This is how I get to some places. Load up the North Face Recon with cameras, small tripod on one side of the pack (used to make this picture so not in view), and pedal and pedal.
If the pack has ~25 pounds of gear, this gets strenuous from 12,300 to 13,000' elevation, but it’s not nearly as hard as the hard-man ride from the Owens River to the summit of White Mountain Peak.
The trick is to not overheat and sweat and get too wet on the way up. Take a wool hoodie (tremendous heat loss from head and neck, especially if mostly bald!), and a hooded down jacket (stowed on the way up) and wool gloves for the descent (and for standing around while shooting). I take additional precautions when alone, as I always am up here (the season and temperatures keep out the fair weather folk). Back in the car for sleeping, stay warm down to 5°F or so with the right down sleeping bag.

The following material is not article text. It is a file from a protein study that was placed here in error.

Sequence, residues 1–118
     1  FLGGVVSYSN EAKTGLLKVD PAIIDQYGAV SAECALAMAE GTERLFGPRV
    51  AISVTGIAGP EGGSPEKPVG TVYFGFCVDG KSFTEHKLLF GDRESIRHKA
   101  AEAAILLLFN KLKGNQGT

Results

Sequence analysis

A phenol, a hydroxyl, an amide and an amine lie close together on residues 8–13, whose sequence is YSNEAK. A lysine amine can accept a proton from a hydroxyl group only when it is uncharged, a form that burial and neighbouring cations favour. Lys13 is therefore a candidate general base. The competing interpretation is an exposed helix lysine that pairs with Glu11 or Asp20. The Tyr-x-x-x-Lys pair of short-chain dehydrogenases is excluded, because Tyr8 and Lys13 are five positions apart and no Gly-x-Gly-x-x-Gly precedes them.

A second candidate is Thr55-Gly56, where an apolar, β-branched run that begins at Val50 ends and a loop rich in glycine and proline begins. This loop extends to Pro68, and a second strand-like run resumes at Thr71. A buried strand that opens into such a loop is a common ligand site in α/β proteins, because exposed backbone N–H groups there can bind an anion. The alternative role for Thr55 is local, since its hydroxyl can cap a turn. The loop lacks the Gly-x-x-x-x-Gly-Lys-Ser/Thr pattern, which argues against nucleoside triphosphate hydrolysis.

For quick shots like this where hands go numb quickly, the Ricoh GR with a little fill flash can’t be beaten. But note the magenta cast to the dark gray pack: this is the same issue I observed with the Leica M9; it does not happen with a Nikon or Canon DSLR. Which explains why the color accuracy has driven me nuts on a few images (impossible to get right). To the eye, the pack is gray. To the camera, it’s purple/magenta.
No one ever takes pictures of me, so I have to take ’em myself! And I find that such images are a great way to add context to a trip that otherwise is just stuff out there—I find some enjoyment in that.
The earth shadow rises with a full moon.
If it looks cold, it was! Crunchy snow cold.